But for ads distributed more than 90 days before a House/Senate election or more than 120 days before a Presidential election, the “content” prong is only met by ads that contain campaign materials produced by the candidate, or by ads that expressly advocate the election or defeat of the candidate.
“The House Majority PAC video seemingly contains neither,” Ryan said. “It appears that the PAC produced the entire video (i.e., no candidate materials were used), and the video does not expressly advocate any candidate’s election. On the contrary, the video is all about officeholders expressly advocating the value/importance of the PAC.”
The content standards are more easily met during the 90 days right before a congressional election, Ryan noted: Even identifying a specific candidate in such a video during that time period would run afoul of the rules. But released after the election as this video was, it seems above-board.
In the Bay Area, it looks as if Rep. Eric Swalwell, D-Dublin, won’t be getting that Transportation and Infrastructure seat he wanted; instead, Pelosi assigned him today to Homeland Security. She had named him last month to Science, Space and Technology, which makes sense given that his district includes the Lawrence Livermore National Lab, but neither that assignment nor this one is likely to have the influence – and the ability to bring federal dollars home to the district – that T&I would’ve offered. Still, Swalwell sounds unruffled and eager.
“From protecting ports like San Francisco, to keeping the Internet secure, to safeguarding mass transit such as BART, the House Committee on Homeland Security plays a vital role in making sure the American homeland is safe,” Swalwell said in a news release today. “I look forward to serving on that committee in the 113th Congress. I want to thank Leader Pelosi, Steering and Policy Co-Chairs DeLauro and Andrews, and the entire Democratic Steering and Policy Committee for this tremendous opportunity.”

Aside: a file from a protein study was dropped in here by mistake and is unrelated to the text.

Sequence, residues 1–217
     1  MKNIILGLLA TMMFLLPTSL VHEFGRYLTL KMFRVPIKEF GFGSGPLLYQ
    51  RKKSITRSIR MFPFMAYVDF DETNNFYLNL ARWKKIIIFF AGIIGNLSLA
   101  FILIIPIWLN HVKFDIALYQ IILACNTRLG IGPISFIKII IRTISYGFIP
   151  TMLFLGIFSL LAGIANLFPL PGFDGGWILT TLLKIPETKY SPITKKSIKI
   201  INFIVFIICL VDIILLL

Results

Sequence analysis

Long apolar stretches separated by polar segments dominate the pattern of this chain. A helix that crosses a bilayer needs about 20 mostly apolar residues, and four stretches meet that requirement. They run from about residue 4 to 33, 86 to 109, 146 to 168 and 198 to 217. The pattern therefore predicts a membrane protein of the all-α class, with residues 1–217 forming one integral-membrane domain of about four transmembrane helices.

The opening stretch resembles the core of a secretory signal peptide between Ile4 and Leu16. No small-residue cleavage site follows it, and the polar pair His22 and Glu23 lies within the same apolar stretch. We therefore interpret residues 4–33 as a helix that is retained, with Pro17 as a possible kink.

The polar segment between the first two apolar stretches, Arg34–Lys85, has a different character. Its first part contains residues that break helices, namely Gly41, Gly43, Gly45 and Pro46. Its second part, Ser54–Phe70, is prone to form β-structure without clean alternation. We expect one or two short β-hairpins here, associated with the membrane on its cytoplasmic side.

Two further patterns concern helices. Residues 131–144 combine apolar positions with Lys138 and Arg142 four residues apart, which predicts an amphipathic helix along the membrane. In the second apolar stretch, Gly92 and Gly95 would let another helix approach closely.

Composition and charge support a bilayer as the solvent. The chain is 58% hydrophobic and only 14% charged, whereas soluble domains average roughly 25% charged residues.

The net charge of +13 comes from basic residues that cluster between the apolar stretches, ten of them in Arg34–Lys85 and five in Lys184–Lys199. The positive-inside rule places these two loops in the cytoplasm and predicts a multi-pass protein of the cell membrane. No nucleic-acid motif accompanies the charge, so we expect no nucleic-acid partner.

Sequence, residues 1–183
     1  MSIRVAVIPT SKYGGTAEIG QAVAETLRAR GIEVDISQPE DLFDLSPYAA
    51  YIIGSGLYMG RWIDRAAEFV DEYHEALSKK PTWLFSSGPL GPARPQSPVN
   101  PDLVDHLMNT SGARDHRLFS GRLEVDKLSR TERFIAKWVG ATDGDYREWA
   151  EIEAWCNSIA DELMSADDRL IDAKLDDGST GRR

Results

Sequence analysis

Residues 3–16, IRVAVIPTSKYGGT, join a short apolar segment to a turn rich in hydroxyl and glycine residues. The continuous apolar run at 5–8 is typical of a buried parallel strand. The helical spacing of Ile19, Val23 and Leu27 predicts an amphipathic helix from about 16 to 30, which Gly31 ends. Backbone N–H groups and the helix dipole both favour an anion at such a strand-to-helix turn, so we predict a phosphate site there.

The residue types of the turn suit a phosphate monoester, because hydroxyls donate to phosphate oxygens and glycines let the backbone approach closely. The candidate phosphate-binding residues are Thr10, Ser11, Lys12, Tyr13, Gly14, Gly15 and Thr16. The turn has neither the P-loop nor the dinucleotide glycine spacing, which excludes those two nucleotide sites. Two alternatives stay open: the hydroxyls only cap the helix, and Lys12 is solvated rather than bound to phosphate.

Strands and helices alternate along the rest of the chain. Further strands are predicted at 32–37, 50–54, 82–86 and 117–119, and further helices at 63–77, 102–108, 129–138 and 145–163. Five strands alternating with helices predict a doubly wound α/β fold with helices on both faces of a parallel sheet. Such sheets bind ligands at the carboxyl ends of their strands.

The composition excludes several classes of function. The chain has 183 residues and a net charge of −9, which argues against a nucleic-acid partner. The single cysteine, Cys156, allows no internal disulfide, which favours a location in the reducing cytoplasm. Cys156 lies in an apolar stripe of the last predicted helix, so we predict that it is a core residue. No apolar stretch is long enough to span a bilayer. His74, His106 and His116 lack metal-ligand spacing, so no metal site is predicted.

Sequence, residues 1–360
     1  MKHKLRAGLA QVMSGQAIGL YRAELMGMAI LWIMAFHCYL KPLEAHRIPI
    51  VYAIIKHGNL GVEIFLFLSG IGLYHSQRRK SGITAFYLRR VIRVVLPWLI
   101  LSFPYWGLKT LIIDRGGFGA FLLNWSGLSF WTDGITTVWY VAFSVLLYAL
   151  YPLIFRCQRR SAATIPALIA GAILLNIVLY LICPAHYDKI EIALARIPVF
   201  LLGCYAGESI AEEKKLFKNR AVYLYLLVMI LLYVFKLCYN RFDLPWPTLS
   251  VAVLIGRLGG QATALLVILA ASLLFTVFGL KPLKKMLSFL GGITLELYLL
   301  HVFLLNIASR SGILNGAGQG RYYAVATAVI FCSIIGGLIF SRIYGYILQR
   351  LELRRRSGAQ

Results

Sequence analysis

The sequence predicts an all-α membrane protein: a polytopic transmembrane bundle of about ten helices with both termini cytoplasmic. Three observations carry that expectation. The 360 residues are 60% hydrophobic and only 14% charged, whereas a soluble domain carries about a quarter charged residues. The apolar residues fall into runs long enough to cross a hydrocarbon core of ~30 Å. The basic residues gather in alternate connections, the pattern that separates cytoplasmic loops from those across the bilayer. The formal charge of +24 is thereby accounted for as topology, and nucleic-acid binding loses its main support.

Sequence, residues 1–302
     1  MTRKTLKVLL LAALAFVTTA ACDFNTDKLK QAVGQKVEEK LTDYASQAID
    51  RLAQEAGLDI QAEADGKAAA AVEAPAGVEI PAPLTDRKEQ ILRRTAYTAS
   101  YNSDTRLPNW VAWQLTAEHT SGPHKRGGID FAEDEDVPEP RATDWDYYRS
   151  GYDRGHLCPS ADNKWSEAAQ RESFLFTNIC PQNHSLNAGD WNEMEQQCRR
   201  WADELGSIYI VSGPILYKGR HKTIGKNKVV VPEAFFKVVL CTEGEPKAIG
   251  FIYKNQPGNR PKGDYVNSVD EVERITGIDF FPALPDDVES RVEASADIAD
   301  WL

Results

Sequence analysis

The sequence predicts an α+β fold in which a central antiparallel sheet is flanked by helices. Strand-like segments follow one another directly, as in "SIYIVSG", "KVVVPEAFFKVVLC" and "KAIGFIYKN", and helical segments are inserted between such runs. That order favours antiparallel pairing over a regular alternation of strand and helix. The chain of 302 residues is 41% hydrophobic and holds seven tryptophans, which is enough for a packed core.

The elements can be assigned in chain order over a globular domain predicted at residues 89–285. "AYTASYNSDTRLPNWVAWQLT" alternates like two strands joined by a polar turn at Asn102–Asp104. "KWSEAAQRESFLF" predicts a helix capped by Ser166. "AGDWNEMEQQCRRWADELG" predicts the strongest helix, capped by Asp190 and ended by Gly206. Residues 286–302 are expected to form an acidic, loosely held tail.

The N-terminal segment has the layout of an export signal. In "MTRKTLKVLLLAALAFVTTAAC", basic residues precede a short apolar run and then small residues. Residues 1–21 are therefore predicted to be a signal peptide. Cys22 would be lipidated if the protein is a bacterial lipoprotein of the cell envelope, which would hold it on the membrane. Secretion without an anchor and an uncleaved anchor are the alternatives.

Elsewhere in the Bay Area, Pelosi named Rep. Jared Huffman, D-San Rafael, to the Budget Committee – a much-coveted assignment for any House member. She had named him last month to the Natural Resources Committee, for which he’d hoped.
Here are all the California assignments Pelosi announced today:
Congressman-elect Eric Swalwell will serve on the House Science, Space and Technology Committee while Congressman-elect Jared Huffman will serve on the Natural Resources Committee, according to assignments announced Thursday by Minority Leader Nancy Pelosi.
Swalwell said today his assignment “will offer me the opportunity to pursue many of the initiatives I discussed during my campaign. This includes clean energy innovation and the development of alternative energy systems to drive economic growth and create jobs.”
“The focus on technology will also enable me to pursue my ideas for a ‘Mobile Congress’ to use new technologies to adopt rules and practices for the Congress that are in-tune with 21st Century technology and culture,” he added, noting additional committee assignments might be coming in January.
“The economy of his congressional district is directly tied to California’s natural resources, and the committee plays a critical role in public lands management, fishing policy, tribal issues, and coastal protections,” Ben Miller, who will serve as Huffman’s chief of staff, said today. “With Jared’s background and his interest in resolving natural resource conflicts and advancing clean energy solutions, it’s a perfect fit.”
Pelosi also put Rep. Barbara Lee, D-Oakland, on the Budget Committee; Rep. Karen Bass, D-Los Angeles, on the Judiciary Committee; and Rep. Janice Hahn, D-San Pedro, on the Transportation and Infrastructure Committee.
“Our Democratic Caucus is the most diverse in the history of Congress, and each of our Members will bring a unique perspective to the great challenges of our day – from job creation and economic growth to innovation, education reform, and clean energy development,” Pelosi said in her news release. “On every committee, our colleagues will offer their experience, passion, and persistence to the task of effectively and faithfully serving the American people.”